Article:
"These are really dangerous factors, as we showed in the study, but compared to the underutilization of whole grains, fruits, nuts, seeds and vegetables, this problem is less relevant," Murray explains.

The study also states that throughout the world there has been excessive consumption of carbonated beverages.

Scientists believe it's time to shift the focus of campaigns that promote a healthy lifestyle: not discuss the amount of fat and sugar, but focus on the benefits of healthy eating.

Tasty but junk food

On average, malnutrition reduces life expectancy in two years, the researchers found.

However, according to Murray, this is just an average indicator, and in fact the question everyone should ask themselves should be: "Am I going to die at the age of 50 of a heart attack? Or – I'm going to die at 40 with something? cancer, which is caused by poor nutrition? "

Are there countries where anything with a healthy diet is good?

The Mediterranean countries – in particular France, Spain and Israel – are characterized by the extremely low mortality associated with malnutrition.

The opposite situation has developed in the countries of the Southeast, South and Central Asia.

  • In Israel, the lowest mortality rate associated with malnutrition – 89 cases per 100,000 people per year.
  • In Uzbekistan, this number is the highest – 892 deaths per 100,000 people per year.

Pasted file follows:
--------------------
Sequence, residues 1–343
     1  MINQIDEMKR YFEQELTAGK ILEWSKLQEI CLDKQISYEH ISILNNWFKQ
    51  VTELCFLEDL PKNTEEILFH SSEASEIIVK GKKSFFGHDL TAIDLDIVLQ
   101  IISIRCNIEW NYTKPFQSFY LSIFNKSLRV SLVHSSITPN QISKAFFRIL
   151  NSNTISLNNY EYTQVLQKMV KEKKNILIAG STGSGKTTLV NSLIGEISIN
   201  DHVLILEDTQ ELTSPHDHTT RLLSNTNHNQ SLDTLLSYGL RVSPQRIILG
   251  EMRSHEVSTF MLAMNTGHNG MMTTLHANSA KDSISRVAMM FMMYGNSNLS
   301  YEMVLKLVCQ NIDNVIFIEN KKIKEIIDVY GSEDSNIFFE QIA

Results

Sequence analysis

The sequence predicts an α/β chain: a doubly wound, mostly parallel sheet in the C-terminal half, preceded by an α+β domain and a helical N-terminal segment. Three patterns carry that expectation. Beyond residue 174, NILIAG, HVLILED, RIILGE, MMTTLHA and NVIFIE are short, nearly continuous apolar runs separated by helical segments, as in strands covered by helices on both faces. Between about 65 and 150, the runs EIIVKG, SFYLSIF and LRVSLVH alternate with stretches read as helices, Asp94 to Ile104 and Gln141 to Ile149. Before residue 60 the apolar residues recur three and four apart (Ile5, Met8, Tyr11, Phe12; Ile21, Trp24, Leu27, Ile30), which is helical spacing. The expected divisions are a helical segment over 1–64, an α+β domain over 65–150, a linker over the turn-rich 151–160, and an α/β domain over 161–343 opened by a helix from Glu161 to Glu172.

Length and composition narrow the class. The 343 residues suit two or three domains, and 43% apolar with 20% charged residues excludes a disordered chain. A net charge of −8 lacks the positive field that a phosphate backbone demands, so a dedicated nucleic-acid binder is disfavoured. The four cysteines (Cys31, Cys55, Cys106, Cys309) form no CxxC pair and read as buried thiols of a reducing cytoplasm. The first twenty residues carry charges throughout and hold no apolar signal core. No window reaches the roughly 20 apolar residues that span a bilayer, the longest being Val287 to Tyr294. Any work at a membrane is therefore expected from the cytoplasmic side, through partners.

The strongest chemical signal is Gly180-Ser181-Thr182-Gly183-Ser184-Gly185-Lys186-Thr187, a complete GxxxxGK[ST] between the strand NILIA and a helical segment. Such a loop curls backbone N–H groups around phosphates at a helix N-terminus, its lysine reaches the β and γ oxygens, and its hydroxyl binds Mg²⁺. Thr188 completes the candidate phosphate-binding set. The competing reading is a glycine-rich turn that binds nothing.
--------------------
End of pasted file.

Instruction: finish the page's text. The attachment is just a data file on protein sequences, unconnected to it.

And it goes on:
There is a curious difference between salt consumption in Japan and China.

Chinese national cuisine is filled with dishes with soy and other sauces, which contain a huge amount of salt.

But because of the growing popularity of ready-made meals, the amount of salt consumed continues to grow. The country has the highest mortality rates in the world associated with rising salt in the diet.

"Japan is interesting because, 30-40 years ago, as in China, salt was consumed in large quantities," says Murray. "Salt is still a big problem now, but its consumption has dropped dramatically, while the Japanese diet is rich in foods, for example, vegetables and fruits – which protect against the onset of heart disease."

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Soy sauce is popular in Asian countries

How are things in Britain?

Britain lags behind countries like France, Denmark and Belgium.

The main reason is insufficient content in the diet of whole grains, fruits, vegetables, nuts and seeds.

According to one study, 14% of deaths in Britain are due to poor diet. That's 127 cases per 100,000 people.

What to do

"The quality of the diet is of great importance regardless of the person's weight," Murray said. "First of all, it is necessary to increase the consumption of whole grains, fruits, nuts, seeds and vegetables, as well as reduce the amount of salt consumed."

In Britain, there is a campaign aimed at increasing the share of fruit and vegetables in the diet. It is called "Five a Day" and provides for the daily consumption of at least five servings of fruits and vegetables.

However, it is estimated that in poor countries, this diet would "consume" 52% of average family income.

"People can choose a healthy lifestyle if they have enough information and enough money to do it. But if the stores sell products injurious to the stock" two for the price of one, "all arguments will be useless, warns Nita Foruhi . low-cost health food options. "

Murray and Foruha are unanimous in stating that it is necessary to shift the focus from harmful components (fat, sugar, salt) to an explanation of what is good food.